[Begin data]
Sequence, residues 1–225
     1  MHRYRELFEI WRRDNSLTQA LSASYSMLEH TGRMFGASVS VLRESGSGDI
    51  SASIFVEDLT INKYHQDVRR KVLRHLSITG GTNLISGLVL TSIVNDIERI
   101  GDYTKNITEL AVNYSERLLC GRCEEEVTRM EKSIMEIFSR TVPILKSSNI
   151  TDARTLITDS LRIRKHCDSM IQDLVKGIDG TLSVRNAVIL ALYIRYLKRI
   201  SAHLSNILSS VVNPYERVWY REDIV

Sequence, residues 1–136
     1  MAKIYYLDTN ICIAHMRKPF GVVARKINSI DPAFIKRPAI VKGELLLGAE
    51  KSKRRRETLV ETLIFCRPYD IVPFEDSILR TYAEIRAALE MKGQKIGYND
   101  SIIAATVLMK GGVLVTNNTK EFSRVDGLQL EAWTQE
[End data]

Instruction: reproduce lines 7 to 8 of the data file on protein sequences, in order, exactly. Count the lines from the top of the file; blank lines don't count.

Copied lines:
Sequence, residues 1–136
     1  MAKIYYLDTN ICIAHMRKPF GVVARKINSI DPAFIKRPAI VKGELLLGAE